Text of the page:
Review by Vince Leigh
Sydney-based indie folk-rock band Josh Orange already has several albums under their belt including Songs for the Journey, Big Day Tomorrow and Eyes Wide Open, and have won a rock category prize in 2015’s The Great American Song Contest.
Their new track I Will Follow You comes after Little Miss America, a song that received quite a bit of attention across streaming platforms and stayed in the top 10 Amrap Metro charts for seven weeks through June, July and August 2020.
Their latest is an ageless sounding folk-rock song that blends effective melodies, an evocative lead vocal performance and an autobiographical lyric to examine that very magical and murky genre of family and the offshoot sub-genres of responsibility and self-identity.
The new track is another preview of what one can expect from their forthcoming album Midnight Lights. The band whose members are Gordon Burke (vocals/acoustic/keys), Andrew Wass (guitars/vocals), Blaine Munnings (bass guitar), Alex Miller (drums) and Shane McLaughlin (guitars) is from Glebe in Sydney’s west and I Will Follow You just might be the one that expands the band’s fan base and enhances their national profile.
The song is both a tribute and a testament to family ties but it is also an exploration of how those ties impact on an individual. As Irish singer/songwriter of the band Gordon Burke explains:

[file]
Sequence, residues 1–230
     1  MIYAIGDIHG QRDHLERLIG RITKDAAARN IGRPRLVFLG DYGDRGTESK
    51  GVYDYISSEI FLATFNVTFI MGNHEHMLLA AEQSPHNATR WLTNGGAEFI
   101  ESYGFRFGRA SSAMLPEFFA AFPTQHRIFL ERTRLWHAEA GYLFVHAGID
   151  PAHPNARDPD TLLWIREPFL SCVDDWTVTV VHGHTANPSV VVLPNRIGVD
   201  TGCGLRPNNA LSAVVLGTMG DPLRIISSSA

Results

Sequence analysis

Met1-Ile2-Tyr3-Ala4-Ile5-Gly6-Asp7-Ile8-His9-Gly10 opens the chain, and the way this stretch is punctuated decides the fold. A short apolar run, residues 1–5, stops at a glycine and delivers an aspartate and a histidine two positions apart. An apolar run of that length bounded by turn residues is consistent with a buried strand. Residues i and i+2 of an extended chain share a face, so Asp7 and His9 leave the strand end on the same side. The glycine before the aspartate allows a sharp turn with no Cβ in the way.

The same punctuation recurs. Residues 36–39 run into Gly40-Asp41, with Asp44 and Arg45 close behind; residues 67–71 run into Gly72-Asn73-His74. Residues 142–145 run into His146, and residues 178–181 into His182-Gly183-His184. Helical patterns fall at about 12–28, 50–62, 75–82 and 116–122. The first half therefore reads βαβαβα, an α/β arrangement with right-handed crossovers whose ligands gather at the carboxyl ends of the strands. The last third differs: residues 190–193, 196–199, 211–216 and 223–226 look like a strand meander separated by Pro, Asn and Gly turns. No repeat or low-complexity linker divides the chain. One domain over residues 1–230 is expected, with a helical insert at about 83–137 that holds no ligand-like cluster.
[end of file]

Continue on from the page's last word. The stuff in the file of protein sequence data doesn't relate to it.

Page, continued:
“The song captures the family cycle from a father to his son, from generation to generation, and the tough decisions that can face a farmer in deciding what’s best for his children.
“There are also the family emotions around who stays and who goes as part of the cycle of farming in any country. The song is about farming and the way its traditions impacts families anywhere in the world.”
I Will Follow You has all the trademark sonics of the folk-rock category working in tandem wonderfully and convincingly, with those strains of authenticity not too difficult to decipher.
And this is where the record’s potency emanates from, one that feels as enlightening for the listener as it no doubt feels empowering for the storytellers.